I wired up what I believe to be the world's first solid state spectrograph in order to monitor the progress of the extraction of tin from my arc electrolysis process. I used a medium quartz spectrograph, replacing the photographic plate with one coated in fluorescein in gelatine. This converted ultra violet light to green light which could be measured by silicon photodiodes. By measuring the ratio between a diode monitoring a tin line and another monitoring a reference line, it was possible to estimate the tin remaining in the melt.NRDC thought it was not worth patenting it so I published the idea in 1973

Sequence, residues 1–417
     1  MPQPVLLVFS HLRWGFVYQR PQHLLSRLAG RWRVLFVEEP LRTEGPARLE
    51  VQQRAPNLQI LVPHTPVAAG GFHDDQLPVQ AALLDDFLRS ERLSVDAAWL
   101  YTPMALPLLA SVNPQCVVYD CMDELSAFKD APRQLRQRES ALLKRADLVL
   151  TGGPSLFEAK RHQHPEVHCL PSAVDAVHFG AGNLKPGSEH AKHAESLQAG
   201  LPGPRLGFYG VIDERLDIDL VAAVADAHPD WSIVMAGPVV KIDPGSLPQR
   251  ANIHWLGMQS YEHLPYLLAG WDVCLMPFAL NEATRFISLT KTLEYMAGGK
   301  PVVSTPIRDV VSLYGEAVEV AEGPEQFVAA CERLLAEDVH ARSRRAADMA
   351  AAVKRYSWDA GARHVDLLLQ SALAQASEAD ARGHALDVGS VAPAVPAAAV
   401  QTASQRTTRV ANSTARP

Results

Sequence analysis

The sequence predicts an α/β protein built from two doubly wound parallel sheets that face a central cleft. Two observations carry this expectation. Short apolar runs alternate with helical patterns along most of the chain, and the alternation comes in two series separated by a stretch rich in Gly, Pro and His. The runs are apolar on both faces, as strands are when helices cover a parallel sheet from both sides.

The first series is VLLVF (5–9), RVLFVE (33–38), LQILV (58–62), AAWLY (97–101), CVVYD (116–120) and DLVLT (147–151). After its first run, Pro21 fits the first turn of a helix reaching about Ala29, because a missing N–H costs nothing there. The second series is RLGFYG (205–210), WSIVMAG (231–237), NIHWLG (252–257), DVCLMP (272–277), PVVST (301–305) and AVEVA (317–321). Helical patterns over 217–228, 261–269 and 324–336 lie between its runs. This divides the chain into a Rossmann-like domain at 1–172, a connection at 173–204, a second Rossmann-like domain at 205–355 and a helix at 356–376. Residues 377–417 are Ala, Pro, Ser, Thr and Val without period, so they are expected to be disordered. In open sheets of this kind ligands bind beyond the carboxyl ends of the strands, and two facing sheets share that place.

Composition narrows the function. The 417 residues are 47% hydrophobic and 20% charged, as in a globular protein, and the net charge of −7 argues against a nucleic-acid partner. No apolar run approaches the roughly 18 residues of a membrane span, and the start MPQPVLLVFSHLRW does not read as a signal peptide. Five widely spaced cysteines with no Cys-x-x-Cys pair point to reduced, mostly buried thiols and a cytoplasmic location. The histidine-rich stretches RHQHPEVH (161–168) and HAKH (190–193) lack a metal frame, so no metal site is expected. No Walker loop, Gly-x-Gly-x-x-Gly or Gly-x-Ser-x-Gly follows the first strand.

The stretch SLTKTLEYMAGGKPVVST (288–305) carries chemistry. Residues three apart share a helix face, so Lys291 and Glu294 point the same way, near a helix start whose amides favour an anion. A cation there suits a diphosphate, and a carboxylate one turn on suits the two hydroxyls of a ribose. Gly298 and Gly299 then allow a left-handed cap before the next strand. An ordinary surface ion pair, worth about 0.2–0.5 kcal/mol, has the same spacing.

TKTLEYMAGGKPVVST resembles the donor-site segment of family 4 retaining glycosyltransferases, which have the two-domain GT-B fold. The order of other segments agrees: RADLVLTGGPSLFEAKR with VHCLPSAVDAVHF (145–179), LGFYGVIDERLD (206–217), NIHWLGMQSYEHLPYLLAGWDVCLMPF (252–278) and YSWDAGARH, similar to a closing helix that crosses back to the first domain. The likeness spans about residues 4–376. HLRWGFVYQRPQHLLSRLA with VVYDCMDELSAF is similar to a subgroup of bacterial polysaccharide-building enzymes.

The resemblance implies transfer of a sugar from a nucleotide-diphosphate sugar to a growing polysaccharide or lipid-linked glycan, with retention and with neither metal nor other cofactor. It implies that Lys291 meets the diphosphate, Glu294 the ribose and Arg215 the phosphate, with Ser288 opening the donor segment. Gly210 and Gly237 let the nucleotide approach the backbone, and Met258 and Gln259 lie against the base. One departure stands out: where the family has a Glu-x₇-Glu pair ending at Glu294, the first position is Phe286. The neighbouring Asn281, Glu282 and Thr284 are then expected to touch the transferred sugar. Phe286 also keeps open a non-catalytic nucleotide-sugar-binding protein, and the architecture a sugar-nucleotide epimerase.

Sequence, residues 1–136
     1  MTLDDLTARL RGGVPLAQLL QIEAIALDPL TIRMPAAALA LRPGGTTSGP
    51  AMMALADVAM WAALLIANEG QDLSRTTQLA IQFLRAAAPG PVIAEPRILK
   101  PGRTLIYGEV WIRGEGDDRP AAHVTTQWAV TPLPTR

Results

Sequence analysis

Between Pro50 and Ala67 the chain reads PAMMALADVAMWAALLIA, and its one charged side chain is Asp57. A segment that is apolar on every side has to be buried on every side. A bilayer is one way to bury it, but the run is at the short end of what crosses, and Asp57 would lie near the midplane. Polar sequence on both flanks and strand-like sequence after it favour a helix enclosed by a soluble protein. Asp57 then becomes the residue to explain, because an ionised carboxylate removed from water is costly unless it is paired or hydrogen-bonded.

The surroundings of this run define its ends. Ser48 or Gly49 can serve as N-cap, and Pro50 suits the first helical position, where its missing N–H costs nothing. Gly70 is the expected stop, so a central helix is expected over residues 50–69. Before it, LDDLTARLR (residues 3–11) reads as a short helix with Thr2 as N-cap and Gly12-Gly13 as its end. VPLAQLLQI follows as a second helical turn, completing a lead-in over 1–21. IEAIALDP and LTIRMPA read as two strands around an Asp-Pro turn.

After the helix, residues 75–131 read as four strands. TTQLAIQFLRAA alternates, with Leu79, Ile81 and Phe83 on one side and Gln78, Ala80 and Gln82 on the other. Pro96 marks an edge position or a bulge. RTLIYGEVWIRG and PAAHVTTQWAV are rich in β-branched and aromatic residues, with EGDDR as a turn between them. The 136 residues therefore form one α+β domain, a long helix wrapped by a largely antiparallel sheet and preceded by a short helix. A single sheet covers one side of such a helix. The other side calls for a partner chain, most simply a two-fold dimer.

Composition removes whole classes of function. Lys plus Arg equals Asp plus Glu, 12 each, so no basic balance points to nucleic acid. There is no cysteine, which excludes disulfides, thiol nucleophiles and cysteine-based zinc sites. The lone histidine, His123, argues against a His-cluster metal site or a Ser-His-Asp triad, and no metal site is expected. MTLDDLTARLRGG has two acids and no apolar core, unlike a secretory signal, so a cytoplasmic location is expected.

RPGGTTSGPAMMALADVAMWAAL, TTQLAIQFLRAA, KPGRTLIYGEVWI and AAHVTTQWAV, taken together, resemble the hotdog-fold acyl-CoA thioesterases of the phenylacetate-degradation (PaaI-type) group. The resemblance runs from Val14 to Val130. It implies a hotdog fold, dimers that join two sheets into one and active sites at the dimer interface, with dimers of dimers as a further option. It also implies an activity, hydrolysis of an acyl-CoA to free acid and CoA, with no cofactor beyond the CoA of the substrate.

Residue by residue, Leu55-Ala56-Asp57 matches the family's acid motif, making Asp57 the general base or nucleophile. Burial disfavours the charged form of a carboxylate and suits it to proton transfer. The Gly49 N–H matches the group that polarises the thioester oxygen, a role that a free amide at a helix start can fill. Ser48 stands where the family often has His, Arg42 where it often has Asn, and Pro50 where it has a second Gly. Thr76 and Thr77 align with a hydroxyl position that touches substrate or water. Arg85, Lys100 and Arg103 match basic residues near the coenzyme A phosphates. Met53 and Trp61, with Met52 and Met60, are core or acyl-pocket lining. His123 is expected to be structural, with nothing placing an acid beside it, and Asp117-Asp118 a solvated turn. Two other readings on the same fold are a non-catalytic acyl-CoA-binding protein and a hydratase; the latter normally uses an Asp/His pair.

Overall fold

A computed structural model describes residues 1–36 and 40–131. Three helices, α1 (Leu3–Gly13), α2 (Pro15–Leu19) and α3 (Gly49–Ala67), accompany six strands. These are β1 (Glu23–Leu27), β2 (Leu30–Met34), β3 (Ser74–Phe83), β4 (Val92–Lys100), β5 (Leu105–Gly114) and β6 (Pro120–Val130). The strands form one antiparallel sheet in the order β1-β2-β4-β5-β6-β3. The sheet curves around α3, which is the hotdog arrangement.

Here is the spectrum, with a short visible spectrum on the right and some of the fluorescent light from the ultra violet light next to it

Diagram of circuit. Despite its crudeness, it worked well. A Japanese product based on the same fluoescein fluorescence technique was, I understand, on sale in about a year. A British product taking advantage of advances in electronics with linear CCD detectors and extensive number crunching took more than a decade to reach market.

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